This is a very good point!
Please forgive me for butting in, but...
It was a samurai's duty to be prepared for the fight. I'm not sure
of how many samurai's were actually zen 'masters', but it is my
understanding that they practiced zen as part of their training.
Being trained in their skill did not mean they were "planning" ahead
of time how they would react to a certain situation. They were not
to anticipate or worry about what might happen. It meant that they
would be able to precisely act from Buddha Nature to the situation
at hand. The combat training gave them the fighting skills, and the
zen training gave them the ability to implement those skills without
the "fear" of death or other "thoughts" that may hinder their
fighting ability. In the Zone, so to speak. This is the theory as I
see it anyway.
Again, sorry for jumping into your discussion. I'm sure Bill will
have a much better response.
--- In Zen_Forum@yahoogroups.com, Edgar Owen <edgaro...@...> wrote:
> The samurai prepares for such a situation in advance. Do you claim
> can't then act from Buddha Nature when the time comes? Just the
> opposite, by preparing his body is tuned to act as it needs in
> moment far more efficiently than if he had not trained.
> On Jan 15, 2009, at 10:22 AM, <billsm...@...> wrote:
> > Anthony,
> > I will try to answer your question which I assume is: 'What
> > you do if confronted with someone who was threatening your life?"
> > I can absolutely truthfully say that I don't know what I'd do.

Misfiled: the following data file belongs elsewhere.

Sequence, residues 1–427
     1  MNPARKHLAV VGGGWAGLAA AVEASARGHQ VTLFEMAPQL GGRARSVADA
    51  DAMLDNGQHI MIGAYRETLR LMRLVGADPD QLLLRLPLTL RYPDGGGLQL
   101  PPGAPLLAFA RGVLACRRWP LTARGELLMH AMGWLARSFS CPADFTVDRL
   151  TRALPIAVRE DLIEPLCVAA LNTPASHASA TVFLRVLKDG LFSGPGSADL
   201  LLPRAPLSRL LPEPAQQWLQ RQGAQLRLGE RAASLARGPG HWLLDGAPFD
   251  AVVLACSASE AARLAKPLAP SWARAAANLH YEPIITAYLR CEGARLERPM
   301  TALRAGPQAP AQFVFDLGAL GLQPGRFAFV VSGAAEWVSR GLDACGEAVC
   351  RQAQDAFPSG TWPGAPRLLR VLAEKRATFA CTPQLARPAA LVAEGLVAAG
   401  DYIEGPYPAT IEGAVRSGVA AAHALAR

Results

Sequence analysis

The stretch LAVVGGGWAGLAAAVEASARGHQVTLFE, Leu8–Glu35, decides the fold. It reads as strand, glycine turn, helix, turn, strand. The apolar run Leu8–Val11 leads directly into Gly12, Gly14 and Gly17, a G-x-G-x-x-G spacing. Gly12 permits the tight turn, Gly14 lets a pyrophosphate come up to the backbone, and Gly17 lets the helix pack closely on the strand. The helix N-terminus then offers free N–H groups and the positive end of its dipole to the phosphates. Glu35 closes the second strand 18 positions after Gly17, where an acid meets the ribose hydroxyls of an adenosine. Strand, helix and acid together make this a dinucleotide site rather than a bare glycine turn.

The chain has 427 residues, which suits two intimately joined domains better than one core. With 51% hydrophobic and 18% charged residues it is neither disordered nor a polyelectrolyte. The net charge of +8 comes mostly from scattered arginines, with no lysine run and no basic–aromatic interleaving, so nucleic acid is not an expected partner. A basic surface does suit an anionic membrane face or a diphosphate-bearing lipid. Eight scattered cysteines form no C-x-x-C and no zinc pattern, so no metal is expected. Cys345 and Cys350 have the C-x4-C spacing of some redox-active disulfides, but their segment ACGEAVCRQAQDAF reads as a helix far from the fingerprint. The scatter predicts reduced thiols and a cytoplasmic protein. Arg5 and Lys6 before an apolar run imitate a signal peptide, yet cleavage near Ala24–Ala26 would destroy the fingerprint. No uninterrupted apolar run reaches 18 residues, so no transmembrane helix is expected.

> > knew what I would do then that means I would have thought it
> > out ahead of time, and then it would me Bill! acting and not
> > Nature.
> > I can tell you I would probably do what all animals due when
> > confronted with danger: flight or fight. I would either try to
> > away - that could be by using persuasive talk or actually
> > away; or fight - that also could be with threatening talk or
> > behavior, but could include physical assault. If what you are
> > looking for is a definite statement that I would be passive and
> > commit violence, I can assure you that would not always be the
> > Like responding to a koan, the answer depends on the entire
> > who's asking, what's the situation and what's my experience at
> > moment.
> > I hope that response satisfies you. It satisfies me.
> > ...Bill!
> > From: Zen_Forum@yahoogroups.com
> > On Behalf Of Anthony Wu
> > Sent: Thursday, January 15, 2009 2:04 PM
> > To: Zen_Forum@yahoogroups.com
> > Subject: RE: [Zen] Re: The Reason For God
> > Bill,
> > I understand your 'zen logic' in view of a lack of a proper
> > In my case:
> > - If I run into a killer, I will run away, scared to death.
> > - If I am starving, I will suffer a lot, complaining about bad
> > Understanding your action cannot be my template, I am still
> > what your reaction is in that position 'at this moment when you
> > writing'. Don't worry about the next moment when you may react
> > differently. I will be disappointed if you say you cannot
> > because you only have 'just this' at the present.
> > Anthony
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